More Effective: Chiropractic
Written by American Chiropractic Association   
Monday, February 29, 2016 12:00 AM
Safety of Chiropractic Manual Therapy for Children 
Written by Editor   
Sunday, February 28, 2016 12:00 AM

A narrative review of all published reports of adverse effects of chiropractic pediatric spinal manipulation was performed to assess the risk of adverse effects of chiropractic spinal manipulation in the pediatric population and to promote a culture of safety along with full reporting of adverse events in the chiropractic profession

Based on the published literature, chiropractic spinal manipulation, when performed by skilled chiropractors, provides very low risk of adverse effect to the pediatric patient. Vigilance to detect occult pathology as well as other steps to maintain safe practice are of utmost importance.

Adverse effects from chiropractic spinal manipulation are rare with 2 moderate and 4 severe events reported during a 59 year period with up to 30 million treatments estimated per year. Current reports show a very low rate (<1% in 8,290 treatments) of mild transient side effects lasting less than 24 hours.

The Greatest Chiropractor in the World
Saturday, February 27, 2016 12:00 AM
Best selling book sweeps profession, reveals “forgotten” practice management principles from the most successful DCs, decreases insurance dependence and reignites passion in chiropractors worldwide.

Chiropractic Doctors are buying the book, The Greatest Chiropractor in the World, saying it is a Godsend and wondering why it wasn’t written earlier. All around the country, doctors are practicing in fear because of the unknown. Around every corner seems to lurk another monster that is capable of eating up your practice, finances, and even your life. Third party reimbursement is decreasing, yet its dependence is on the rise. As history has proven, change is inevitable. Whether you are just venturing into the health care market, or you are presently in and looking for answers, this book holds priceless instructions to having a successful practice.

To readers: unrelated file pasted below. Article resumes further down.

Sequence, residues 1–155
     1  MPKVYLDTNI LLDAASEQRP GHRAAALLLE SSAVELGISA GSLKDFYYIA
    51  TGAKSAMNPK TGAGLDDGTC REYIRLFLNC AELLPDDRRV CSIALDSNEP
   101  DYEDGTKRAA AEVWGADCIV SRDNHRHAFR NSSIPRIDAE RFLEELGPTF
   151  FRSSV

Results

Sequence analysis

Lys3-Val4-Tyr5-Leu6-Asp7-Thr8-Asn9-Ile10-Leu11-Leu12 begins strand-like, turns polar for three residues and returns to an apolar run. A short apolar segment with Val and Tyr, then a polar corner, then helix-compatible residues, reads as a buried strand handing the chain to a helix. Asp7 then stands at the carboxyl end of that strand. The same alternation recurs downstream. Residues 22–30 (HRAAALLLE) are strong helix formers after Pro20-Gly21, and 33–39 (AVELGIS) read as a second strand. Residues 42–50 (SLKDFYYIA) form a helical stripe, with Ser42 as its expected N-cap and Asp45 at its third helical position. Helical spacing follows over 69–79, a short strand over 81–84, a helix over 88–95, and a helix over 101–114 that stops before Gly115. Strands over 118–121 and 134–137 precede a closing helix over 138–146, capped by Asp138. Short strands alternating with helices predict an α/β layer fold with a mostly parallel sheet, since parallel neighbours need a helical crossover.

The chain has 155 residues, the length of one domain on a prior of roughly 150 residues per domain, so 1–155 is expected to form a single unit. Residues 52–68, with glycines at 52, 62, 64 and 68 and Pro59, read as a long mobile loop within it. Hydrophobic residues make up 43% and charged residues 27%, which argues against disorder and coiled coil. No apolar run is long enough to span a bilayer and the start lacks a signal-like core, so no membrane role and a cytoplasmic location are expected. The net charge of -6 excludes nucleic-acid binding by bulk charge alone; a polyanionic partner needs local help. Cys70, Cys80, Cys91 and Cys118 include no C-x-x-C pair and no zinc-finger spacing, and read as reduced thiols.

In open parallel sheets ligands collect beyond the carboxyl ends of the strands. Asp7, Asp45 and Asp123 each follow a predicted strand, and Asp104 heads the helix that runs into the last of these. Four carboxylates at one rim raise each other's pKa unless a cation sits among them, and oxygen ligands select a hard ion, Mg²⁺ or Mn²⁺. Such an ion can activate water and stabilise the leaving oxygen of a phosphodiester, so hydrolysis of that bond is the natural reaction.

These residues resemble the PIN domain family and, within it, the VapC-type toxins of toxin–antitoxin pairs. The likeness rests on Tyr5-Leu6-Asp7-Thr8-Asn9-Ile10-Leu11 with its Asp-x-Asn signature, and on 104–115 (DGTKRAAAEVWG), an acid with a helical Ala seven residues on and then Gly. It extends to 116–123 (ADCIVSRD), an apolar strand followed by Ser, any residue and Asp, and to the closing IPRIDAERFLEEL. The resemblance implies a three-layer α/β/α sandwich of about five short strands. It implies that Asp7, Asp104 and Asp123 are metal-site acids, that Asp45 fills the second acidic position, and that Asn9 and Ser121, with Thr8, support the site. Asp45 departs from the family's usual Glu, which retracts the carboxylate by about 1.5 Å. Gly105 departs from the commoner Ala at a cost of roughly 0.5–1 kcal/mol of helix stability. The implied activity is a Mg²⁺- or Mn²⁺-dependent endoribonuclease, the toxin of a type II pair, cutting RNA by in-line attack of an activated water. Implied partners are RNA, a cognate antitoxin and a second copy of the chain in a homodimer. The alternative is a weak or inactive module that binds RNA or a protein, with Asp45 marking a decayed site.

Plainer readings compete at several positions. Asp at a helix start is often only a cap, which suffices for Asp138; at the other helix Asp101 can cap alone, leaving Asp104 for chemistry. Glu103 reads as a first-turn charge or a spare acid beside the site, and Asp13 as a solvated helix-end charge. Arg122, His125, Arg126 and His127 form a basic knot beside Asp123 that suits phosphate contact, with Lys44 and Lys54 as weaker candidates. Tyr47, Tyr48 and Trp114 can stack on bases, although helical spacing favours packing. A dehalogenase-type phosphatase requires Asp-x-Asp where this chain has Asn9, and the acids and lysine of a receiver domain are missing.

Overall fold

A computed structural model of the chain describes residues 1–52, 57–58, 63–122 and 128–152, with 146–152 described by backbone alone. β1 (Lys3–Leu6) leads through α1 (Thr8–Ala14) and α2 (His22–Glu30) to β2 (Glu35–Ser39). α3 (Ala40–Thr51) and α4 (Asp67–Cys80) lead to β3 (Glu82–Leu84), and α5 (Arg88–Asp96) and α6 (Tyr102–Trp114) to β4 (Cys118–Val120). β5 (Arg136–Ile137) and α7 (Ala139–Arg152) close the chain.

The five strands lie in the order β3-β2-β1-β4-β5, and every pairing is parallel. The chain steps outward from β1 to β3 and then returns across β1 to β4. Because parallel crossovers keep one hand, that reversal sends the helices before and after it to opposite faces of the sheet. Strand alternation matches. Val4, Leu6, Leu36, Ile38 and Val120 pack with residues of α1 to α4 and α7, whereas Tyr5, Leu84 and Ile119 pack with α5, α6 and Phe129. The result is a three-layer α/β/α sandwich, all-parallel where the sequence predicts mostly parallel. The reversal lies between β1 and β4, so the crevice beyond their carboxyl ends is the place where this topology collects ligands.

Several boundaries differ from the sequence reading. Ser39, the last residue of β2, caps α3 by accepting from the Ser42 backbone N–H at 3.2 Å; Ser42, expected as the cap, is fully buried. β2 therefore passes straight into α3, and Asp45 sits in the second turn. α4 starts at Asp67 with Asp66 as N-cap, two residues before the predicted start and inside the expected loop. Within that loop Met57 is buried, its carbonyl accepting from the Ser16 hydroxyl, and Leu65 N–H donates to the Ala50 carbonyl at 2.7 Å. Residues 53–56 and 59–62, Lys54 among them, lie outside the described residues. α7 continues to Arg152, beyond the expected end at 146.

In this book, Max M. Growth, a doctor of chiropractic, finds himself at a crossroad in life after more than three decades of owning practices, leading his profession and mentoring students. As he reflects back over his career, he discovers the written principles shared with him by his mentor, the "old man," during his formative years.

Each foundational principle reveals one of the twelve lessons that depict the very essence of success taught in a way that formulate a germinating seed of growth for the doctor of chiropractic. Many of the icons of the profession are no longer with us today and, even if they were, it would take a lifetime to absorb all the teachings within the these pages.

February Doctor of the Month:  Jennings Smith, DC
Written by Editor   
Wednesday, February 24, 2016 03:36 PM

Dr. Jennings Smith, DC, of Amarillo grew up in Flat, Texas, ten miles southeast of Gatesville.  Originally called Mesquite Flat, the town name was rejected by the United States Postal department in the 1890s and it became just Flat, Texas in 1897.  Farming was the primary occupation until the 1940s, when much of the farm acreage was taken over by the establishment of Fort Hood. 

I attended and graduated Parker Chiropractic in 1997 and associated with Dr. Larry Montgomery in Belton, Texas for almost two years. I then traveled around Texas for two years providing relief and locum tenens work for other doctors.  

I then served in the Army for four years serving in the Old Guard, 3rd Infantry, the oldest active duty regiment in the US Army, having been first organized in 1784.  It is the Honor Guard unit of the Army in Arlington, Virginia.  I served as part of the Continental Color Guard and carried the nation’s flag in front of Ronald Reagan’s casket when he was taken to lay in state at the Capitol after he passed away.

Why Can’t We Just Forget About Medicine and Just Do Our Own Thing? Practice
Written by Editor   
Monday, February 22, 2016 12:00 AM

For those who promote “Let’s forget organized medicine and just do our own thing,” what will you do about those who espouse the following policies?

Comment:  Ordering medical services for patients is the "practice of medicine" in the eyes of the AMA.  "Legislation to authorize non-physicians to prescribe physical therapy and other medical care services should be opposed."

Excerpt: AMA affirms that the ordering of medical services for patients constitutes the practice of medicine and that legislation to authorize non-physicians to prescribe physical therapy and other medical care services should be opposed.

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